combo, which is more like a fiberglass mask with the face cut out
and replaced by bars. This style has also inspired a new generation of
baseball catcher's masks (a story told in greater detail here).
But these modern masks don't interest Uni Watch so much. For all their
designs, they have little of the old masks' charm -- with one major
exception: When Steve Shields was with the Bruins, he had a Gerry
Cheevers tribute design painted onto a modern mask, which was total genius. "It even
had the ears and hair painted on, so it looked real," says Simone. "Great, great mask."
Want to take your mask obsession to the next level? Do what Simone
does: Collect classic mask reproductions. There are several suppliers
out there; this
one is Simone's favorite, although this one looks pretty cool too.
Yeah, they're a little pricey -- but hey, you should have some extra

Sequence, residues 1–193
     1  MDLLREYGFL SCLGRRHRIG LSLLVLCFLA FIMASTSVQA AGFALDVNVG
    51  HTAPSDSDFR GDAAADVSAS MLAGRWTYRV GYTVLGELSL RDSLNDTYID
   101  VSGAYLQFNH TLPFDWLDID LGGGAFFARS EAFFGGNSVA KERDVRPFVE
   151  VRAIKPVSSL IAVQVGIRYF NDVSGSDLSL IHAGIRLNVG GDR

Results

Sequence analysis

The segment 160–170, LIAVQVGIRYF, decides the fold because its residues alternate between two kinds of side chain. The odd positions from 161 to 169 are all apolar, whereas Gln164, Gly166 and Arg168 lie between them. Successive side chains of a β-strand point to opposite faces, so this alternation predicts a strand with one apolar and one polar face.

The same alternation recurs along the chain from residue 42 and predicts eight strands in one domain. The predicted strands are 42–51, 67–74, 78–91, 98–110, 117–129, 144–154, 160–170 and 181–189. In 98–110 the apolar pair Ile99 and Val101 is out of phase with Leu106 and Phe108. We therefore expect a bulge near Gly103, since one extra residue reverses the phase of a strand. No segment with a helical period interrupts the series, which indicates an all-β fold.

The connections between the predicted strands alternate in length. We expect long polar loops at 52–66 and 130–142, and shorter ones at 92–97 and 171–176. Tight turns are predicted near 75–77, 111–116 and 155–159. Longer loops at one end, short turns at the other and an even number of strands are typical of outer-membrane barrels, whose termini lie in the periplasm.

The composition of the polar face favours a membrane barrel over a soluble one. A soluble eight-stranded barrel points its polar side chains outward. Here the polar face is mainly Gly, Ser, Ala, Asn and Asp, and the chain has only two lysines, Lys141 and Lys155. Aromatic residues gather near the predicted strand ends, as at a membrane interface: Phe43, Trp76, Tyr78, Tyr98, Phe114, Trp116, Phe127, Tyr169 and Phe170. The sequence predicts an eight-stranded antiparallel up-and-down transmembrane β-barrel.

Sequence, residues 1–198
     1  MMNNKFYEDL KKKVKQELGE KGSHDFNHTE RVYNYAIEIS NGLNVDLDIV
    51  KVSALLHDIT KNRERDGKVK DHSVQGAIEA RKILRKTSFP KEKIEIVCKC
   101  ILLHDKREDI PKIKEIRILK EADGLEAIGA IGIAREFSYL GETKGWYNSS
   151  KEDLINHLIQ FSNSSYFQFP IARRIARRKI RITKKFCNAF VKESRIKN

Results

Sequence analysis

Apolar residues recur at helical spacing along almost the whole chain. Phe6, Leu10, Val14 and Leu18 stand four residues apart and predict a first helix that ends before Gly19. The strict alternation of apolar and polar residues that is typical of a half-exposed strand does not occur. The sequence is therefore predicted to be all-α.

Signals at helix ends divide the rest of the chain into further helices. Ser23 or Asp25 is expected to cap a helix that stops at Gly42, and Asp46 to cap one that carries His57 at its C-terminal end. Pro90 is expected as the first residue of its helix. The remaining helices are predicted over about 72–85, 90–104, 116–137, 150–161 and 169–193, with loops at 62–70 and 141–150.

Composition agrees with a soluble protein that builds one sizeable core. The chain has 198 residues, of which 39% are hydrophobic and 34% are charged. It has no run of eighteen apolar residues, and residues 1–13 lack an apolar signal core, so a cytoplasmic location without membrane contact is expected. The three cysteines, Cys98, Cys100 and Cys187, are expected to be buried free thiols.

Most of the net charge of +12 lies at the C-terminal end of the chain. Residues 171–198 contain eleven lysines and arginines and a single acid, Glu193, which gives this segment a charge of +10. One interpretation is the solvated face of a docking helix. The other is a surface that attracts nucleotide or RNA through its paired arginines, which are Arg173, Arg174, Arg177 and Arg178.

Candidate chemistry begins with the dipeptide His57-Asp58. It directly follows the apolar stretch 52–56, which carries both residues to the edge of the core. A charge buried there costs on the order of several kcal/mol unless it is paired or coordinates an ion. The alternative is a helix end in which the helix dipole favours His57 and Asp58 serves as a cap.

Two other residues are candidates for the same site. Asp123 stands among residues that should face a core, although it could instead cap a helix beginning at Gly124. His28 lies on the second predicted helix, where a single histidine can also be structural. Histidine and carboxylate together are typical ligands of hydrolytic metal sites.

cash available since you haven't been shelling out for hockey tickets.
Other Masked Men
Hockey and football are the primary mask-oriented sports (and as the
ever-helpful Curtis Worrell of Helmet Hut points out, their mask
cultures have even cross-pollinated). But masks show up in basketball too, as anyone who's recently seen
LeBron James can attest. And he's just the latest in a long line of masked NBA players, many of whom can be found
on this handy list.
As for masked baseball players, the first one Uni Watch recalls seeing
was Pirates slugger Dave Parker, who attached a football-ish facebar to
his helmet in 1978 after breaking his cheek in a collision with Mets